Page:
Our Previous Note on FL from 3/4/15
03/04/15 07:56 PM EST
FL - Why We Think FL Is A Short
Takeaway: Our FL Short Call has a lot of layers that we expect to play out systematically throughout ’15. $20 down/$6 upside.
Conclusion: The biggest pushback, by a long shot, on our FL short call is timing, and how long we have to wait for it to play out. While FL is unlikely to completely melt down this week on the print, especially 2-weeks ahead of an analyst meeting, we definitely think that the building blocks of our thesis will be incrementally evident in the quarter to be reported on Friday (as well as in the meeting on 3/16). But this is a complex call with many layers that will peel off one at a time systematically as 2015 progresses, resulting in downward revisions and revealing a down year in 2016. Ultimately we think it will result in consensus estimates coming down meaningfully for the first time in six years, and we’ll see both lower estimates and multiple compression. We get to $20 downside, and $6 upside.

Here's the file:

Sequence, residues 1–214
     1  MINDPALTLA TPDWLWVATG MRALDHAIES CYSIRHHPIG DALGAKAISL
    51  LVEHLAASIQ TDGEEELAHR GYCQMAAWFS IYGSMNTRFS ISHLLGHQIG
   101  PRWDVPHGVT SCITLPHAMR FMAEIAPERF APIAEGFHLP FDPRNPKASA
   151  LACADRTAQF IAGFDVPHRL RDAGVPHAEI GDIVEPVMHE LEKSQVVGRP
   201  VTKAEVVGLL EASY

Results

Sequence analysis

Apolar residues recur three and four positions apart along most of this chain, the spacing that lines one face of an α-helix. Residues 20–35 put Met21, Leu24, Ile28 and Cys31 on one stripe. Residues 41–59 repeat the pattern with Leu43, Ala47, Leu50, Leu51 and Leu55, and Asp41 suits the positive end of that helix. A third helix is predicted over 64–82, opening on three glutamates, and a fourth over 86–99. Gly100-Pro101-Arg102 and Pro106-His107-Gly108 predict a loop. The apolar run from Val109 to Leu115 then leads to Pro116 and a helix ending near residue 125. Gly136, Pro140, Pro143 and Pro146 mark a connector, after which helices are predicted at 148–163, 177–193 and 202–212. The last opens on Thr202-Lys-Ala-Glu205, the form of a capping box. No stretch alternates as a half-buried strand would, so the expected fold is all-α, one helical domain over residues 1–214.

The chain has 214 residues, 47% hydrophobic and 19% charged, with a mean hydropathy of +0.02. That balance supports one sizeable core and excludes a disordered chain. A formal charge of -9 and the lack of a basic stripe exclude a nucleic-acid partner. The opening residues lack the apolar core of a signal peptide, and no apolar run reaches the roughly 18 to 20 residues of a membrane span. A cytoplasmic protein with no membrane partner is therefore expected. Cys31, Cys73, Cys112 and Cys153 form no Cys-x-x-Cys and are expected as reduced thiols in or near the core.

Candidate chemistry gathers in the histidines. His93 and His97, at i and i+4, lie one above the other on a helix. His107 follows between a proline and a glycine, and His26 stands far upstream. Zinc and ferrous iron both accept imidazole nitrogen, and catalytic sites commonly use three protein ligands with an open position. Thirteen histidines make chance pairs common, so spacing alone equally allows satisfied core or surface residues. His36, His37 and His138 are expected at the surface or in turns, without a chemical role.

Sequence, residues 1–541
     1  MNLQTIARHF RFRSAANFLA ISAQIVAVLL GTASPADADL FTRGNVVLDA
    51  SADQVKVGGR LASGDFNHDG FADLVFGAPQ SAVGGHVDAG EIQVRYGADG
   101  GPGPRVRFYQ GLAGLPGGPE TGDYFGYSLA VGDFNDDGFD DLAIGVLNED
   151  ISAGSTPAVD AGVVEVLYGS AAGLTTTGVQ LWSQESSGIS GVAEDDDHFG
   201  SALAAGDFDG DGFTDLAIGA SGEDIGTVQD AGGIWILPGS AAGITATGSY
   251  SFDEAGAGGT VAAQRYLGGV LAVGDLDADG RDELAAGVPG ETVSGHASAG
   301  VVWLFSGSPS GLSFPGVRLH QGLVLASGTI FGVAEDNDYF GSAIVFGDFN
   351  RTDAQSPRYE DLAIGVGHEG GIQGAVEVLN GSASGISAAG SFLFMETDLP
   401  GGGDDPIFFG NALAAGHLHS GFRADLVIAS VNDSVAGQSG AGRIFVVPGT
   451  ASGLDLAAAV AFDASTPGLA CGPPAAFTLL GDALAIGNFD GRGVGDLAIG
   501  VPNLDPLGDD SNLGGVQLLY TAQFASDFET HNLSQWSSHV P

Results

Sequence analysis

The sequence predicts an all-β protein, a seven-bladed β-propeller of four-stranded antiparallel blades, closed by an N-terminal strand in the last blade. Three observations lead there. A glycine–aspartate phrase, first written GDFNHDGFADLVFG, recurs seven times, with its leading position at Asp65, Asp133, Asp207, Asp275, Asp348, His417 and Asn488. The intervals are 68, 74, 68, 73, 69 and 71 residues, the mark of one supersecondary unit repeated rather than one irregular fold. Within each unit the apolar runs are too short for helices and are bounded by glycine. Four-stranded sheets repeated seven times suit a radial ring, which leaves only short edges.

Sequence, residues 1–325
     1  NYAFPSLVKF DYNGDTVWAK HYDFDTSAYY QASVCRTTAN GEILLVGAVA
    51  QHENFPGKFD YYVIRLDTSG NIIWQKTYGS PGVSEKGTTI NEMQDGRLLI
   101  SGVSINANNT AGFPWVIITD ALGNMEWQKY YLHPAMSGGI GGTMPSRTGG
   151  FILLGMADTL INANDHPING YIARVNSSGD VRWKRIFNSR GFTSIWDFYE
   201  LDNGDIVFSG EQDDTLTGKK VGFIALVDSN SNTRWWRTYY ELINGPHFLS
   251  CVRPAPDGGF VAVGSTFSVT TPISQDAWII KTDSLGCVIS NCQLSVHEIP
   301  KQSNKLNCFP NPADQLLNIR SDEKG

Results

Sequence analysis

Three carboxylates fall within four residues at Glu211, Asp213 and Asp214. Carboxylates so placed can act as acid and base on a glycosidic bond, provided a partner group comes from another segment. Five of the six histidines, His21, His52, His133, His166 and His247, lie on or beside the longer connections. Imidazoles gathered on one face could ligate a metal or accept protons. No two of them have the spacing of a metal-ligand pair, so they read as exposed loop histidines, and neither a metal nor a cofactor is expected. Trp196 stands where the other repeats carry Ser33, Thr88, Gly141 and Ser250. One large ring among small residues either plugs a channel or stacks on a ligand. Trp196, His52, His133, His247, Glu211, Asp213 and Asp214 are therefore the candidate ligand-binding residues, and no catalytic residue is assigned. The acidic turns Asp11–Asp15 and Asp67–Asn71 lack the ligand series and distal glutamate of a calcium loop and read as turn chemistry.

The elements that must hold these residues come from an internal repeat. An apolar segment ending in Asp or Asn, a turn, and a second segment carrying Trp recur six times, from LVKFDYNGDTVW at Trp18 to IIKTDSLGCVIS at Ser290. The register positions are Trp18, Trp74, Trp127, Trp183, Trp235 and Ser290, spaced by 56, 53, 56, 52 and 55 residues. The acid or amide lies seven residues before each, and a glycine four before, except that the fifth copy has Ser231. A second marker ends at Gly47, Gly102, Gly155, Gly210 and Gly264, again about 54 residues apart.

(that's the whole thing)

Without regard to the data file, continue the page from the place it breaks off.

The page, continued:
FL remains one of our top short ideas, but it is also perhaps the most complex. It’s not just about Nike, or about Ken Hick’s leaving, or about e-commerce threats. It’s about this company just having come off a six-year run that was driven by a ‘perfect storm’ (the good kind) of …
a) Margins: economic expansion and margin tailwind,
b) The Hicks Era: a new stellar CEO taking capital out of the model while simultaneously taking productivity and margins to new peaks, and adding 2,000bp to RNOA (RNOA to 25% from 5% pre-Hicks),
c) Nike Penetration: FL taking NKE to 70% of its inventory purchases from 56% – which has meaningful positive implications for gross margin,
d) ASP Cycle: Nike driving a 12-year ASP cycle which accrued to the retailers (like FL) just as much as it did NKE.
e)e-Commerce: Growth in e-commerce without meaningful brand competition.
But today, those factors have changed for the worse... (Here’s the links to our recent Black Book deck and audio presentation where we outline these factors in more detail.)
Call Replay: CLICK HERE
Materials: CLICK HERE
a) Margins: The post-recession margin tailwind is over. We need raw top line growth and productivity improvements to boost margins.
b) The Hicks Era:
1. Ken Hicks is gone. His team is still there. But we think that one of the highlights of the analyst meeting on March 16 will be how the company will be spending to grow. That’s fine, but keep in mind, it has just come off a period where it grew without spending and boosted returns by 2,000bps. Big difference – especially when it’s still sitting at a peak 15x p/e.
2. Also, there’s no more capital to pull away from this model. We outlined in our Black Book how the fleet is largely optimized, and perhaps with the exception of some Lady Foot Locker stores, there’s little left to close or ‘rebanner’.